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On this IdentiFriday Eve, I am working on Martha’s Vineyard – ascending order, as I always do. Lately, I have been jonesing to get back to my childhood home of Rhode Island, and it pleases me that I can remember so many taxa even after being away for decades.

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Is it Friday already? I’ve been out in the field so much this week, I’ve lost track of the days.

But today I don’t have to be anywhere at any particular time (well, except for setting the moth trap this evening), so I’m committing to doing at least 100 IDs of Needs ID observations in New England. I’ll come back and tell you all how long that takes.

ETA: Oops, I went way over 100 IDs. After 26 minutes, I had made 275 IDs. A lot of Queen Anne’s Lace, some Buttonbush and Pickerelweed, some Blue Vervain, and random other easy-to-ID species.

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How do you eat an elephant (IDs on iNat) ?
One bite at a time.
It’s like carding wool. Pick out the burrs. Comb up and down, then left to right.

My Needs ID for the Cape Peninsula is daunting. This morning’s bite was 500 birds, sorted from the oldest first. The residue that the birders couldn’t or wouldn’t (too blurry for more than It’s A Bird!)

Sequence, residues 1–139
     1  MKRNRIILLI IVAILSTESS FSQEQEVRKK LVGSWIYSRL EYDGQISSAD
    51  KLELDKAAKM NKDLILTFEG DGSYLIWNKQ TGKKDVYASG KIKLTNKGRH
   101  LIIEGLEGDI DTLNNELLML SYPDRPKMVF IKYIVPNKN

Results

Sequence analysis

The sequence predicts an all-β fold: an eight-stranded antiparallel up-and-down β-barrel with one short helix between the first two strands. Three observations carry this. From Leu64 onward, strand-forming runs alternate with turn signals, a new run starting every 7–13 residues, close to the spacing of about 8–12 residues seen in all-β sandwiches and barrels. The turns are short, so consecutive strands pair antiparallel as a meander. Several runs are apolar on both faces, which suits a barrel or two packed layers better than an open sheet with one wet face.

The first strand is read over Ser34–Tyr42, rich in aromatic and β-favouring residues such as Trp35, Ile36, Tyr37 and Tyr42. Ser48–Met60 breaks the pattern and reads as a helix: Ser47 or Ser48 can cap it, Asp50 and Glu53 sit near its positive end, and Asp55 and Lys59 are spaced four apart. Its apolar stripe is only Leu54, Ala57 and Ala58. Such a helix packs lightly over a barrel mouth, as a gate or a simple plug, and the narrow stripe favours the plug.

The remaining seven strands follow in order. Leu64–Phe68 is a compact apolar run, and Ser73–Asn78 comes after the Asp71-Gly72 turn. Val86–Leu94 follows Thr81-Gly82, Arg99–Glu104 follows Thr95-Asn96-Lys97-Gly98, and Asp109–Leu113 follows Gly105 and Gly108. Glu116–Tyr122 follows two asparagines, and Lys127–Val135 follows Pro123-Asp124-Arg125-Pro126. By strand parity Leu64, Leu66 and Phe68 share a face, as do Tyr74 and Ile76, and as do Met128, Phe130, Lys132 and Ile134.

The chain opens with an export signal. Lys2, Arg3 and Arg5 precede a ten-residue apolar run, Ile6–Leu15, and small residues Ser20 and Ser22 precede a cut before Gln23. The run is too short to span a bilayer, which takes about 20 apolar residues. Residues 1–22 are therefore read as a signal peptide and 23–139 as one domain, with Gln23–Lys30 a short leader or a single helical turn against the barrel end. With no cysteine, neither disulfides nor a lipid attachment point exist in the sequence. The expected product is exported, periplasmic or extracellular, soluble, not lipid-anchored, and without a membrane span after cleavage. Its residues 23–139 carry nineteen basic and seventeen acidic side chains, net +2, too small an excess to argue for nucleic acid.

https://www.inaturalist.org/observations/identify?per_page=10&iconic_taxa=Aves&order_by=observed_on&order=asc

After a few uncomfortable conversations with identifiers about my housekeeping for the observers

  1. Duplicate - please delete

  2. Duplicate - please combine

  3. Multiple species - please separate

I now consistently use - Life - Good as it can be - to get it out of Unknowns, and keep the comments targeted at the (absent?) observer.

Not a birder. I have added annotations
Dead
Egg / juvenile
Feather / scat / track / bone

Found a few where I could add a casting vote.

Once we have nest annotation, I can sweep thru for the half that are weaver’s nests ;~)

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PS encouraging to see that even a simple Lep … larva … for caterpillars, is useful!
https://www.inaturalist.org/posts/68613-the-power-of-annotations

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Not sure why you would have uncomfortable conversations with identifiers about that?

I remember one especially annoying class project where multiple students would photograph the same plant from so close to the same angle that you almost couldn’t tell that they were different photographs. As in, if you toggled between them, the only thing that would change is that the leaves would move about one centimeter. As far as I’m concerned, those count as duplicates.

If they were uploaded by different users, they are not duplicates, but if one student uploaded many, then yes.

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Those nearly identical photos by different students certainly feel like duplicates to us identifiers! But of course they’re not. And each student probably values his or her own. Sigh. At least the identification goes fast after the first one is identified.

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Uncomfortable because
different workflows
and I realised we were talking at cross purposes.
But I thought …
I’ve tried to make it tidier for all 3 sides.